(ElvisShotJFK, a long-term member of the NCS community, provides this guest review of the new album by Iced Earth.)
Iced Earth and bands like them aren’t exactly material that’s usually covered here at NCS, but when Islander made a post about the band streaming the title track from their latest album (here), it seemed to generate some interest, along with discussion over what kind of metal Iced Earth plays. To that end, I would say that they are a breed of power metal that leans more towards thrash than progressive metal, as many of the band’s peers (most of them European) tend to do. While they aren’t immune to some of the trappings of the genre (the cheese, the flash), they deliver an aggressive, tight, galloping metal that borrows from the likes of Iron Maiden and Judas Priest without being too blatant.
Over the past 20 years or so, Iced Earth have gone through many line-up changes, founder and rhythm guitarist Jon Schaffer being the sole remaining original member. However, as with most bands, it is the changing of singers that has been more notable – not to take anything away from the rest of the guys, who’ve also been in the ranks of Testament, Megadeth and Futures End, among others. Though he was the third singer (after Gene Adam and John Greely), Matt Barlow became the de facto voice of Iced Earth, a powerful singer who was as impressive (if not more so) live as in the studio.
After the terrorist attacks in September of 2001, Barlow wanted to leave the band and pursue a career in law enforcement, but was talked out of it, Horror Show and Tribute To The Gods being the last of his output before being granted his release during the recordings for The Glorious Burden; he didn’t seem to have the passion for music anymore.
After being replaced in Judas Priest by the living legend he had replaced (that would be Rob Halford), Tim “The Ripper” Owens joined Iced Earth. As great a vocalist as he is, he didn’t always fit with Iced Earth’s material. Iced Earth sounded different, something which turned away many fans as the band went forward. Matt Barlow wound up having a change of heart about singing and was welcomed back into the band, making it the second time Tim was replaced by the guy he replaced. Personally, I thought it came at the wrong time, as Iced Earth was in the middle of their two-album set, which continued with the story of Set Aboninae that started with Something Wicked This Way Comes.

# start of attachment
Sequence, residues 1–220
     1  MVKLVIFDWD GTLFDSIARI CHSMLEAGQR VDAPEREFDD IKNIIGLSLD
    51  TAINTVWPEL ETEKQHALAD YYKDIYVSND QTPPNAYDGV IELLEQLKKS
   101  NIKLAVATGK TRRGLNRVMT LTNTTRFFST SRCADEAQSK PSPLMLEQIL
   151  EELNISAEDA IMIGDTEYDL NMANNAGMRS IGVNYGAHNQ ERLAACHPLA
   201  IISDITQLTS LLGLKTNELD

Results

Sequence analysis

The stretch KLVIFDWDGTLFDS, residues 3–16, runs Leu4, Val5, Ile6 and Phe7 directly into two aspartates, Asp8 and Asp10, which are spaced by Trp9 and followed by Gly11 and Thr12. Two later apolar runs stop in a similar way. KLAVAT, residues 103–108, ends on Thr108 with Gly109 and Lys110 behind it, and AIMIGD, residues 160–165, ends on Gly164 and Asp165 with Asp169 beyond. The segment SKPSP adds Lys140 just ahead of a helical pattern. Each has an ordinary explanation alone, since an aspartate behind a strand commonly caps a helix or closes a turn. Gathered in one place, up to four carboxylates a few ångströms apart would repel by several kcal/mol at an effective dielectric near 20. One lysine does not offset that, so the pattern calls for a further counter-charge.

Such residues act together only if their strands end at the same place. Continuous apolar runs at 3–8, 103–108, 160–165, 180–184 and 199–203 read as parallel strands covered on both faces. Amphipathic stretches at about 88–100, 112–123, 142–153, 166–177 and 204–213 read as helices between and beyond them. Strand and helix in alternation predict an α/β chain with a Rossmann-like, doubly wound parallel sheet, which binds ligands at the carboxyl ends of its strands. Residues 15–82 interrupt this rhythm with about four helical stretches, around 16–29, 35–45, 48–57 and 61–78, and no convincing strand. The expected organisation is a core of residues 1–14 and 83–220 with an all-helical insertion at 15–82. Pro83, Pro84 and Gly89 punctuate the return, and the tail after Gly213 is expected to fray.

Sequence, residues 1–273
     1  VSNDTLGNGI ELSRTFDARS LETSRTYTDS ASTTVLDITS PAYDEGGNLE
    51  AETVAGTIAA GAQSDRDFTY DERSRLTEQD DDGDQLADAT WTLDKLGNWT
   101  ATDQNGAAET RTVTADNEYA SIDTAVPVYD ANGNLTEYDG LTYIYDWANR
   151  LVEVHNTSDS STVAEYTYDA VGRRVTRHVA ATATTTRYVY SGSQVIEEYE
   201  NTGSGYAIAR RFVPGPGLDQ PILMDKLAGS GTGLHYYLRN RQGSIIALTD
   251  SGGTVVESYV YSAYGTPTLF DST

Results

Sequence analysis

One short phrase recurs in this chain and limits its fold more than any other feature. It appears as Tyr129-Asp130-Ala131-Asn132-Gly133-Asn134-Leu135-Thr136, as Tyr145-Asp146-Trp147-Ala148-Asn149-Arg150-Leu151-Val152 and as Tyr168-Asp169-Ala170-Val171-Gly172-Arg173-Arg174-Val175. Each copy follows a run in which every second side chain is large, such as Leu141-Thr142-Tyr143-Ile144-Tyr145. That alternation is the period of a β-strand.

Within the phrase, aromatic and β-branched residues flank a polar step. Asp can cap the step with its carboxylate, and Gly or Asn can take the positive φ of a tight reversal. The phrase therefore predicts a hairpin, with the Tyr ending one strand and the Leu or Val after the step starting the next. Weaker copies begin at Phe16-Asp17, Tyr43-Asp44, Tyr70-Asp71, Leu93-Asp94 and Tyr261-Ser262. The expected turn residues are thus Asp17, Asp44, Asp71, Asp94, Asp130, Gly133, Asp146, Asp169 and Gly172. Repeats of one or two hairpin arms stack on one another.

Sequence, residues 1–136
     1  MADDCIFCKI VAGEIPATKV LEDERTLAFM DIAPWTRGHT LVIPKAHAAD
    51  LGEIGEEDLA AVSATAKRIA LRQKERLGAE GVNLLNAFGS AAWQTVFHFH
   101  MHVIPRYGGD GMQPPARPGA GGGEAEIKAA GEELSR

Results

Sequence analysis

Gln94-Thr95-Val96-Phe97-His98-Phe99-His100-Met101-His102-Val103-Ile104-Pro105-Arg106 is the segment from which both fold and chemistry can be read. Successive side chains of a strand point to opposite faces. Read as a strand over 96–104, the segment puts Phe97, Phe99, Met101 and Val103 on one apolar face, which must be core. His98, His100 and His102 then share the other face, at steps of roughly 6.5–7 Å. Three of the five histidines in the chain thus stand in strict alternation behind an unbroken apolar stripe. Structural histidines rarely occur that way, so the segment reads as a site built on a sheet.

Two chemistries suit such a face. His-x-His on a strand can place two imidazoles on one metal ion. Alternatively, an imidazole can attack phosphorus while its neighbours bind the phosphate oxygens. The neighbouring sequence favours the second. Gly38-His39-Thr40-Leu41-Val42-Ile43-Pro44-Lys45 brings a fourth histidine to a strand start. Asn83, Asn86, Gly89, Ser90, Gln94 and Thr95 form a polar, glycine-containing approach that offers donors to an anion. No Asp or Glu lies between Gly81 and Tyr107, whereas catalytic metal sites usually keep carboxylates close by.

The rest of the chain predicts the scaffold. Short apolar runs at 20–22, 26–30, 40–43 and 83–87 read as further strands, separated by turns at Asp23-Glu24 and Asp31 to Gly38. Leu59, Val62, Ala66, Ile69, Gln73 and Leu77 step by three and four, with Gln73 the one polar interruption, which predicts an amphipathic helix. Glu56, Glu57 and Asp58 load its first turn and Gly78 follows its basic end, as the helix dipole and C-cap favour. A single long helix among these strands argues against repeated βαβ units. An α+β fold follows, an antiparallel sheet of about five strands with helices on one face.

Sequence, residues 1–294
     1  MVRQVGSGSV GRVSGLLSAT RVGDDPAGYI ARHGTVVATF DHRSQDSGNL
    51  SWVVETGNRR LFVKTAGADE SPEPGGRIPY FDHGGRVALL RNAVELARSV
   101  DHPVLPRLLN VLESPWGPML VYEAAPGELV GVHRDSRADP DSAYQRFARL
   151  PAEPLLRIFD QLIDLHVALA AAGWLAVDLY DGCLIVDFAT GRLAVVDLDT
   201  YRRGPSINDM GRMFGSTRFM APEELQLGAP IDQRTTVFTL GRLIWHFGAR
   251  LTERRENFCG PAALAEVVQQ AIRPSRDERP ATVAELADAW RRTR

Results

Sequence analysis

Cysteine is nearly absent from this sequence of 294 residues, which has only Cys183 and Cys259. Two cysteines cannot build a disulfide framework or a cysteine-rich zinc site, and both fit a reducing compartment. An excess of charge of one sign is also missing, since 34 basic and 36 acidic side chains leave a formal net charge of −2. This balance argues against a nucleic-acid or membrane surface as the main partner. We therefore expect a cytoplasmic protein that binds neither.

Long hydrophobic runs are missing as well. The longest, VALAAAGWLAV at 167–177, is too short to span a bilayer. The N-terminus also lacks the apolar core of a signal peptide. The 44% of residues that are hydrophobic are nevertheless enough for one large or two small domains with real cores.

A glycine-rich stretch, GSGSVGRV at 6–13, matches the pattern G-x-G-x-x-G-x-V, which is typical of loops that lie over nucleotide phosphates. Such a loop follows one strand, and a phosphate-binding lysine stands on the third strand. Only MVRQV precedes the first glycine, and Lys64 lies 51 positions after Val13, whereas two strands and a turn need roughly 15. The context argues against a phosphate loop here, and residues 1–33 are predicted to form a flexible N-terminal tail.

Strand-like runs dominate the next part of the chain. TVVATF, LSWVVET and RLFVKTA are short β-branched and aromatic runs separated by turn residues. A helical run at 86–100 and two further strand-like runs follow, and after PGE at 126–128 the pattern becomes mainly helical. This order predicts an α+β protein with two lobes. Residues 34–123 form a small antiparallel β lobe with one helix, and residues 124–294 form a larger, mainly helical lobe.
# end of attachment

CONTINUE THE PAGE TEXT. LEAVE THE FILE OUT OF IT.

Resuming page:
So, why did I just take the time to go over some of Iced Earth’s history? Well, they’ve gone through another change. Barlow once again decided to leave, this time to focus on his family, which he felt he would be unable to do with Iced Earth’s planned touring schedule. To his credit, he stuck around and went on tour with the band, giving them enough time to find a suitable replacement.
In the meantime, Iced Earth re-signed with Century Media, who were home for the band up until The Glorious Burden. Considering that the first Iced Earth album was released 20 years ago, the homecoming makes sense, and fortunately it seems that whatever bad blood there may have been between the two camps has long since been washed away.
Iced Earth’s new voice comes in the form of Stu Block, also of Into Eternity. The first offering with his vocals was a re-recording of “Dante’s Inferno”, a song whose only live appearance up to now was in Greece for Iced Earth’s awesome Alive In Athens. That version of the song kicked so much ass, I don’t think there’s anything the band can do to match it, but they’re going to play it live again. Still, it showed some promise as to what Stu could do with the band, and I waited to hear the first material from the new album, in this case the titular track.
Inspired by dystopian movies and themes and bookended by songs that deal with the ‘Something Wicked’ storyline with Set Abominae, Dystopia serves as the opening salvo for Iced Earth’s third decade.